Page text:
In 2009, the Personal Property Securities Act (Cth) ("PPS
Act") was established and became an important reform
introducing a national regime for secured finance using personal
property. The PPS Act replaced a complex legal system, creating one
method in respect of registration, priority and enforcement of
security interests in personal property to which it applies.
The PPS Act was intended to reduce the costs of borrowing and
increase the range of property available to secure finance,
especially for small businesses. The objectives of the Act were
Increase the consistency and certainty of secured finance in
Reduce the complexity and cost of secured finance in Australia;
Enhance the ability of businesses and consumers to use their
assets as security, and improve their ability to access
cost-effective finance in Australia.
The introduction of the PPS Act has been particularly relevant
in assisting Lawyers to easily identify security interests given or
received by their clients. Following the introduction of the PPS
Act, Lawyers have been able to:
Ensure that the terms of contracts or security agreements
adequately protect clients' positions and do not obstruct
business in the ordinary course;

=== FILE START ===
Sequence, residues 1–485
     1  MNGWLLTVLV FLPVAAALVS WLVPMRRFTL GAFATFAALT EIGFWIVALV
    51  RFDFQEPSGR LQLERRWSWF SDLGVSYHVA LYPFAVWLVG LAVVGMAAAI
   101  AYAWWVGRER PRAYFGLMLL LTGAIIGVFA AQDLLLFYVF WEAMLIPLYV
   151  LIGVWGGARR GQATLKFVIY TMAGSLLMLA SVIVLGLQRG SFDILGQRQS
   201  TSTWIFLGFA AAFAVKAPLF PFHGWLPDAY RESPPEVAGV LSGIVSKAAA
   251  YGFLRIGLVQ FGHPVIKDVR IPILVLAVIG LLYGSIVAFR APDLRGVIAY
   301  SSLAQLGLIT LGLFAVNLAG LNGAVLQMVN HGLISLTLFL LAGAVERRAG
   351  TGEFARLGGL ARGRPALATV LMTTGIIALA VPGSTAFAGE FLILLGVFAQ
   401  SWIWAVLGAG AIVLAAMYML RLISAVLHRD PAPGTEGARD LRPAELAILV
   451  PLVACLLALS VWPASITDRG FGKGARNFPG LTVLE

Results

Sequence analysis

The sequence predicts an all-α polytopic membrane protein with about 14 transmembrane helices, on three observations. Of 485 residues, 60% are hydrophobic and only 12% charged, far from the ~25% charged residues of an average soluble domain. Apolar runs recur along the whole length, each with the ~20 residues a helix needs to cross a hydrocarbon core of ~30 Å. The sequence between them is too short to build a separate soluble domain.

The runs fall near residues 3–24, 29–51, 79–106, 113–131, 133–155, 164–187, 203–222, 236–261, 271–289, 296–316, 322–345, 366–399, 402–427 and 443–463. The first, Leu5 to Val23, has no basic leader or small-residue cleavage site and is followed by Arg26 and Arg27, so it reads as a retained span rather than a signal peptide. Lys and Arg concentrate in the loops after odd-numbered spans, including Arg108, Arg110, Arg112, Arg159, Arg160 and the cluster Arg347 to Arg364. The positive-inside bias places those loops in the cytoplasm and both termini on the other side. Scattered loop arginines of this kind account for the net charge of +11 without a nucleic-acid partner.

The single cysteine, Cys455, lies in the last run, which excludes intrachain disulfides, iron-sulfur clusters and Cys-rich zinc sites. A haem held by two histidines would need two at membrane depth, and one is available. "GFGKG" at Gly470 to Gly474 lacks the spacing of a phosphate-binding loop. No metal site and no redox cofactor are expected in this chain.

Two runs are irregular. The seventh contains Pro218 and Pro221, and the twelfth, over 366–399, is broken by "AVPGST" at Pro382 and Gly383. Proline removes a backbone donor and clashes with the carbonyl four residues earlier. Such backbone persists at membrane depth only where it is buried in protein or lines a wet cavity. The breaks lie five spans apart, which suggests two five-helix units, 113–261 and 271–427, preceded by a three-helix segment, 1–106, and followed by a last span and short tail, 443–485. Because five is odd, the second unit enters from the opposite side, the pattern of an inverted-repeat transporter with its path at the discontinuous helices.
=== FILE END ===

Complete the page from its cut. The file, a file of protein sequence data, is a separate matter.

Protect security interests of their clients by constantly
reviewing the register and ensuring that registration is at a
minimum and control is held where relevant;
Register security interests of their clients within 20 business
days of the interests arising;
Recommend (for larger businesses) that a PPS officer be
appointed, who is responsible for managing PPS issues arising in
daily operations of the business;
Consider whether enforcement action can be taken against
defaulting parties; and
Where it appears that a security interest is about to be
enforced against a client, consider whether the right to enforce
has actually arisen, and if not, whether urgent action should be
taken, such as an injunction to restrain enforcement.
On 4 April 2014, the Attorney-General announced a review of the
PPS Act. After more than two years of operation, the review of the
PPS Act provides an opportunity to consider, based on practical
experience, whether the PPS Act has achieved the core objectives,
as outlined above. The review will particularly focus on the
experiences of small businesses.
An interim report on issues raised by business will be prepared
by 31 July 2014 based on submissions put forward by businesses
around Australia. A final report on the review will then be
prepared by 30 January 2015.
The content of this article is intended to provide a general
guide to the subject matter. Specialist advice should be sought
about your specific circumstances.
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